Faith in the reward of paradise usually coexists with the fear of punishment in hells. In Pure Land painting and writing the joys and blessings of the Pure Land are often shown in sharp contrast to the horrors and miseries of hells. Fearing to be reborn in hells, people will become even more motivated to do meritorious deeds and cultivate the Pure Land faith.

Devotion to the bodhisattva Avalokite?svara, the chief assistant of Amitâbha, is also popular. Originally an Indian male deity, Avalokite?svara is transformed into a goddess of great mercy and compassion, called “Guanyin” or “Guanshiyin” in Chinese. Belief in her efficacy and miraculous aid in times of need makes Guanyin a widespread religious cult throughout China.

Pure Land Patriarchs and Masters

In China, Pure Land Buddhism never developed into a distinctive, full-fledged sect (zong); its transmission lineage was actually established through the monks of Tiantai, another Chinese Buddhist school, in the Southern Song dynasty (1127–1279). Throughout most of Chinese history Pure Land teachings and practices were mingled with or incorporated into other forms of Buddhism.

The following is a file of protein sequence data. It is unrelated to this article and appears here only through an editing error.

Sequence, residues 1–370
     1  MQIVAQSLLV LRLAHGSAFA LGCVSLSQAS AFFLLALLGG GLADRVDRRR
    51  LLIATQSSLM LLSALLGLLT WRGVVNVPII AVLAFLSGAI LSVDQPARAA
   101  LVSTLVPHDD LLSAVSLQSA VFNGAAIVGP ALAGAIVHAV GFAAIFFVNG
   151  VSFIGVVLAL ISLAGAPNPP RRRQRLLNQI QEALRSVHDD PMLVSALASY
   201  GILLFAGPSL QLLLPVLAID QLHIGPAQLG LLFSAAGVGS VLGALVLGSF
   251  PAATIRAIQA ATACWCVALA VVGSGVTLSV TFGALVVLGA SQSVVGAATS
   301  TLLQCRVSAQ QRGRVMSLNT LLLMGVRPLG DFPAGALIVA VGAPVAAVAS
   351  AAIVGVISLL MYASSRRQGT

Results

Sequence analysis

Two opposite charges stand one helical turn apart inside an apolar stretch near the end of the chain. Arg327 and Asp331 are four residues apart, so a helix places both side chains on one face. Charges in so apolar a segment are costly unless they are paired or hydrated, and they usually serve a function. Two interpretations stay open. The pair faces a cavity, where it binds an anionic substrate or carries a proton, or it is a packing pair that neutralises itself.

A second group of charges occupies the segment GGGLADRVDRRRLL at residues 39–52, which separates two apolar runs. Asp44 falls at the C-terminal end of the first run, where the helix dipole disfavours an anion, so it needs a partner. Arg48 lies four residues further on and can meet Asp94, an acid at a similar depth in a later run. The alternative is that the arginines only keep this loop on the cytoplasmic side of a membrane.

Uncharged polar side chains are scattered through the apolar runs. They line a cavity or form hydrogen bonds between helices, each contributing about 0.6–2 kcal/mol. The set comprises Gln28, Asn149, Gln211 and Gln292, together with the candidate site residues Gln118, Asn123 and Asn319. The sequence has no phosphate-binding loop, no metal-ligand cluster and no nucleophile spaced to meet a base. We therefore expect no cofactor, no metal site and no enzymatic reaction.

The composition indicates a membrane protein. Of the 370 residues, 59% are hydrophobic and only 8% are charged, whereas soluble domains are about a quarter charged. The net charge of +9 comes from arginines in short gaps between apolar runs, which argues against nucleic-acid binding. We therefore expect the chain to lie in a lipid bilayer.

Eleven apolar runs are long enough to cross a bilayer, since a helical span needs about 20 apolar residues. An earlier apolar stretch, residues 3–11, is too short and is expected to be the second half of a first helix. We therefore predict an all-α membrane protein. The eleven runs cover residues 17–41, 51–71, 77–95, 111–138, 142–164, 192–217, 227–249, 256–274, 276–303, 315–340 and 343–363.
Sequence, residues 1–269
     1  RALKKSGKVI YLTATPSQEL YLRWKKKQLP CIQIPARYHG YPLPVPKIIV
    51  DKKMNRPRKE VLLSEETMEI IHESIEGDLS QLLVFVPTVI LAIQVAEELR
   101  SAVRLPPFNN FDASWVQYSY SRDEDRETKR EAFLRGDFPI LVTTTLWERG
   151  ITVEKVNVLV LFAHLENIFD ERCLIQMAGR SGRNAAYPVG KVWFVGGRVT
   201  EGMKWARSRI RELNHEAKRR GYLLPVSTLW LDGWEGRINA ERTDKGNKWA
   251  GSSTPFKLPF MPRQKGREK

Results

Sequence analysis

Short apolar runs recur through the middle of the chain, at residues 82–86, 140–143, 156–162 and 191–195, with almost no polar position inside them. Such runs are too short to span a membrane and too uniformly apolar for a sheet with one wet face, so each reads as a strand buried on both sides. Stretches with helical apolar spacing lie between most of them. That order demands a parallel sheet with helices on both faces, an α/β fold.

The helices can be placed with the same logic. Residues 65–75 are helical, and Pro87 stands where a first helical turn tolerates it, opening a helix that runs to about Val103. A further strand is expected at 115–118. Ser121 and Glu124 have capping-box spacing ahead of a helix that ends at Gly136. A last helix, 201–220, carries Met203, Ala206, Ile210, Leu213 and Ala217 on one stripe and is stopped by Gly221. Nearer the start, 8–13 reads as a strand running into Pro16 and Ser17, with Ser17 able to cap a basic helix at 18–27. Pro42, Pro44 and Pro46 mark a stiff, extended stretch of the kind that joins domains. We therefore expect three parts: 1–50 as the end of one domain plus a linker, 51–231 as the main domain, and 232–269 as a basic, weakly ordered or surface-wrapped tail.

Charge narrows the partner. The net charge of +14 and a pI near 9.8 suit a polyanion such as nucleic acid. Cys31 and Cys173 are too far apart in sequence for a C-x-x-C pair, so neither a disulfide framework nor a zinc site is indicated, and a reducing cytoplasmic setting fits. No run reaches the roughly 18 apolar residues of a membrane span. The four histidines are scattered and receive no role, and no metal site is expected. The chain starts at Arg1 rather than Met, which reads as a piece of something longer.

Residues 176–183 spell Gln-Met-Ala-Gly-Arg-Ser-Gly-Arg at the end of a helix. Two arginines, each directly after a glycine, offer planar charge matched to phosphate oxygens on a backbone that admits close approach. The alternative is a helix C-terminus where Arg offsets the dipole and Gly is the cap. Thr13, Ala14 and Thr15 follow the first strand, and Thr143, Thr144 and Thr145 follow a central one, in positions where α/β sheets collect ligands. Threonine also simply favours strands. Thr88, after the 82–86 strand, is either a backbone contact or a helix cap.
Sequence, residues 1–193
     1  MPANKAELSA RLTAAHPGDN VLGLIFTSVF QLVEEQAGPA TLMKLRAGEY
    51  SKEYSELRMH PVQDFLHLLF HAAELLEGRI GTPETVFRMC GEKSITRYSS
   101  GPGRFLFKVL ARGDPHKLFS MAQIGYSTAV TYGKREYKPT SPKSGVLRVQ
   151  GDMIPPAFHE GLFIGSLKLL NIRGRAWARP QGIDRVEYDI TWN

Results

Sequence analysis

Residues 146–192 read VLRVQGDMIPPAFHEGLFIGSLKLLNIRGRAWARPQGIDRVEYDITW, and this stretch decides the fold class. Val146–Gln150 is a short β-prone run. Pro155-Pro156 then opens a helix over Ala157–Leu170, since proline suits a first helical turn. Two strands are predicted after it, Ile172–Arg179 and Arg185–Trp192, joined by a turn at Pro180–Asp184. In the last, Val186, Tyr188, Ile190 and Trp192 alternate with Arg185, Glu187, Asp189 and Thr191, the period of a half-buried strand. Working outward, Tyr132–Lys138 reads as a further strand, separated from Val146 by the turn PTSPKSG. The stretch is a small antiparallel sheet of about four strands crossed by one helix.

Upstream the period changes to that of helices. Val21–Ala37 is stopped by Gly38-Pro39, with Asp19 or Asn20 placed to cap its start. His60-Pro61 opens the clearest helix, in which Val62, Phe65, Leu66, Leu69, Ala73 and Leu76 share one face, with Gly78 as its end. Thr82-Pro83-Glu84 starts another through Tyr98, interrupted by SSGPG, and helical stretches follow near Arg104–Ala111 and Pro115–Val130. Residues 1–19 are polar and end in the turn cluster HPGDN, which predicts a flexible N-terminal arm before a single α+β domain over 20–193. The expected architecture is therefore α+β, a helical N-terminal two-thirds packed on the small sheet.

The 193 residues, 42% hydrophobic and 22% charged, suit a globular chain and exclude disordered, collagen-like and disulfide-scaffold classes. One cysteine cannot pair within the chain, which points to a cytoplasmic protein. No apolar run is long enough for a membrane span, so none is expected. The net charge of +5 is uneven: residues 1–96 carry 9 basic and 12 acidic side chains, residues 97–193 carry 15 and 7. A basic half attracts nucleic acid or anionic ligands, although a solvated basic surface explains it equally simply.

Nonetheless, many monks were known for their influential roles in popularizing Pure Land devotion. The first Chinese Pure Land center was the White Lotus Society founded by the monk Huiyuan (334–416 CE) on Mount Lu (present-day Jiangxi) in 402 CE. Huiyuan was later regarded as the founder and first patriarch of Chinese Pure Land Buddhism. After Huiyuan, a series of masters contributed further to systematizing the Pure Land doctrine and popularizing the practice.